During difficult and stressful times, play allows children to make sense of the world around them and helps to support their emotional wellbeing and build resilience. Returning to settings after a long period of being within their family unit, has heightened childrens anxieties, on top of what is already a stressful time with added pressures at home, such as worry about unemployment, finances, strained relationships, grief.

So what, as childcare professionals, can we do to support the children during these transitions. The following 6 suggestions came from http://www.youngminds.org.uk:

  1. Talk to the children about their feelings
  2. Talk to the children about the routines you have; or the rhythm of the day and provide a visual prompt, if this would help (Great for non-verbal or SEN children).
  3. Reassure the children – they are receiving a lot of messages regarding social distancing, washing hands, germs, illness and death – and this is all scary stuff when you are young.
  4. Keep things simple – allow children to play – explain that children do not have to give up a toy if they are still playing with it – snatching – patience and taking turns – facilitate play and have strategies in place to deal with any issues (see below).
  5. Go easy on yourself and ensure that you are looking after your own mental health.

Taking turns is a social skill and http://www.andnextcomesl.com  has some great ideas to teach this –

  1. Use a visual cue ie a talking stick
  2. Use turn taking language – “my turn, your turn”
  3. Model turn taking – show them what to do
  4. Play games that involve turn taking such as board games and card games
  5. Use a social story – see free link to a free printable and video about sharing
  6. Use a timer to indicate how long each turn will be – use oven timer/egg timer. This reinforces fairness and acts as a visual or auditory cue.
  7. Communicating and describing turns – first its x’s turn, then its yours – 5 minutes each.
  8. Use a fidget between turns such as a spinner, putty or ball.

If a child persists in snatching or aggressive behaviour – remove from the activity, explaining “You were having a hard time (taking turns with your friends) and you were not being kind. You need a break” NB THIS IS NOT TIME OUT!. Sit with the child and calmly talk to them about their feelings, the whys and what ifs. Once the child is calm, say they may rejoin the play but only if they can take turns and act kindly.

Remember sharing and turn taking are hard skills to master! So… work with parents to come up with some strategies; be mindful around the children regarding language and show by example; look after yourself.

Some great resources and further information can be found here:

www.outdoorplaycanada.ca/2020/05/13/play-first-supporting-childrens-social-and-emotional-wellbeing-during-and-after-lockdown/

www.youngminds.org.uk/blog/supporting-a-child-returning-to-school-after-lockdown/

www.kids-harbor.com/teach-child-take-turns/

 

Childminding Best Practice Newsletter

Sign up for the free quarterly Childminding Best Practice Newsletter using the orange sign up box on my website and I will send you best practice ideas, childminding news, EYFS tips, outstanding ideas, stories from other childminders, arts and crafts project templates, new products, and links.

http://www.kidstogo.co.uk/childminders/childminding.html

 

About Samantha Boyd

I am a mum of 3, a qualified Forest School Leader and childminder, graded outstanding in 2015 and 2020 and am currently studying a childhood studies degree with the open university. I have a love for loose parts and the outdoors and am currently working through the Curiosity Approach accreditation. I have a passion to allow children the space and time to explore and love setting up ‘invitations to play’ and seeing where the children will take it.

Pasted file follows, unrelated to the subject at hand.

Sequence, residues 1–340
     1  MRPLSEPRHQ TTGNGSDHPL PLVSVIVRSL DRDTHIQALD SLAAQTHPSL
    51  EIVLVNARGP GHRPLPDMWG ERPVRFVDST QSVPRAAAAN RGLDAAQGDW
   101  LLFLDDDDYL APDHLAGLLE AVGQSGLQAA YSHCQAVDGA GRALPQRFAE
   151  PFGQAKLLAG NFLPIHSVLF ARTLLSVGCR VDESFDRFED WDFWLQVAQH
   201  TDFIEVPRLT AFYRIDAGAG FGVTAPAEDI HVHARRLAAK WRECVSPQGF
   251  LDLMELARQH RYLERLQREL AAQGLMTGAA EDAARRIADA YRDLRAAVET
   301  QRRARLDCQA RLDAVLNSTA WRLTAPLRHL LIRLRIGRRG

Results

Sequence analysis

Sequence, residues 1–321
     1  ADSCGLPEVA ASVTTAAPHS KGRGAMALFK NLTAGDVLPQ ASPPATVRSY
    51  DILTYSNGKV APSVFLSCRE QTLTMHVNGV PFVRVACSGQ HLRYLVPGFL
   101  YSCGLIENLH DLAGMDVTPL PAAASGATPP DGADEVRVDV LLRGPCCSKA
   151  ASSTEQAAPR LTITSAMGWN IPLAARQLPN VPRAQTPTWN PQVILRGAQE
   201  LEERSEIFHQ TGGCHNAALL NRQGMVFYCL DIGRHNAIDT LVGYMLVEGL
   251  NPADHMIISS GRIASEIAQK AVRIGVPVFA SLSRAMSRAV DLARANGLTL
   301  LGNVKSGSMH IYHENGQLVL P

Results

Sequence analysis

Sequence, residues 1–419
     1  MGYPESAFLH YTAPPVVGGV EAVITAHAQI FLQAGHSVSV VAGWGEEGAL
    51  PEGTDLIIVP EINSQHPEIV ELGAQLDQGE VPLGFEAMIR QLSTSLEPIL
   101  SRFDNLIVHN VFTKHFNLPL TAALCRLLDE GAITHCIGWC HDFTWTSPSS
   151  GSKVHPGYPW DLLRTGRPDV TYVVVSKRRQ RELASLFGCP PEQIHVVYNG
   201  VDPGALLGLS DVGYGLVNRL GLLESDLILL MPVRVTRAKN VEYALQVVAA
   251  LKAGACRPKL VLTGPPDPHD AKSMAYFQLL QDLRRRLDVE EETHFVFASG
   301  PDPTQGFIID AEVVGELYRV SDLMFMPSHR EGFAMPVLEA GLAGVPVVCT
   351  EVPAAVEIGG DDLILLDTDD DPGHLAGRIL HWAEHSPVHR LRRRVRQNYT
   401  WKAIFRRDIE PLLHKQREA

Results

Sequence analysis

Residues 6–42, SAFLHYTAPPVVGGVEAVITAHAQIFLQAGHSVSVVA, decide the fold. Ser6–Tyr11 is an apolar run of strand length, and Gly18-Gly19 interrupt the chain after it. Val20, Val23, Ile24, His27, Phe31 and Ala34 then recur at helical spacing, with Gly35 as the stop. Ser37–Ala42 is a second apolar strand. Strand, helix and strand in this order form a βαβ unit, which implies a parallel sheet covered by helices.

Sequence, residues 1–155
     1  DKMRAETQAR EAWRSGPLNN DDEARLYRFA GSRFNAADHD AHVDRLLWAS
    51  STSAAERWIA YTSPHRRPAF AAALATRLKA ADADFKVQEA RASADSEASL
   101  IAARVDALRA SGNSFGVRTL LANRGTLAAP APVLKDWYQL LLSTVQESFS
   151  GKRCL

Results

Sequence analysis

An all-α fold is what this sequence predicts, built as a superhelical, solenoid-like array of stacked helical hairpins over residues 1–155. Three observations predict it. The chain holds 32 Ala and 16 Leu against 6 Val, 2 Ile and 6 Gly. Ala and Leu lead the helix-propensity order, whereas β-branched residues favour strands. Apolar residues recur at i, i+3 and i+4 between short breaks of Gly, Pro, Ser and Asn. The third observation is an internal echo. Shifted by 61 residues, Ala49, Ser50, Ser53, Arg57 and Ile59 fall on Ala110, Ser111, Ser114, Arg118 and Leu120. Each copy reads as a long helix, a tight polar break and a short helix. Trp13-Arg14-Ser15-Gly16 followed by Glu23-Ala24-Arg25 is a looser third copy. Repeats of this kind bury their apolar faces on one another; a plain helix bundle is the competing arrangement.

About Kay Woods and Kids To Go

Kay Woods Kids To GoKay Woods has been writing and selling childminding resources through her company Kids To Go since 2008. Her products include the Ultimate Childminding Checklist, the Learning Journey Plus for planning, observation and assessment and best practice resources promoting diversity, safety and childminding in the great outdoors (Forest Childcare). She is the author of the Start Learning book set published by Tarquin and she writes the free quarterly Childminding Best Practice Newsletter.

Lots of places offer help to childminders. I provide solutions.

http://www.kidstogo.co.uk/childminders/childminding.html

A childminder’s perspective on The Curiosity Approach – by guest blogger Samantha Boyd

I started childminding over 7 years ago and went through a period of time of buying lots and lots of toys. I ended up with a play room full of toys, literally stuffed to the brim with resources, so much so that we didn’t use the play room to play in – it became a store room. The children were flitting from one activity to another, I was focused on adult led activities and losing my mojo. I could see all these amazing images of crafts that others were completing with (for?) their children and my job became competitive – I wanted to be the best, I wanted to be great at my job but I was focused on the end results and the children were not as happy as they could have been.


Then one day whilst wasting time on Facebook, I came across The Curiosity Approach. I was fascinated by the pictures and what they said resonated with me. Children do not need ‘stuff’. They need love, time, attention to be able to discover for themselves – this led to other avenues that I wanted to learn and understand about – Forest School (I completed my Level 3 Forest School qualification); schemas; deep learning; child led learning. I started to try out new things within the setting and found children’s interest and curiosity were sparked.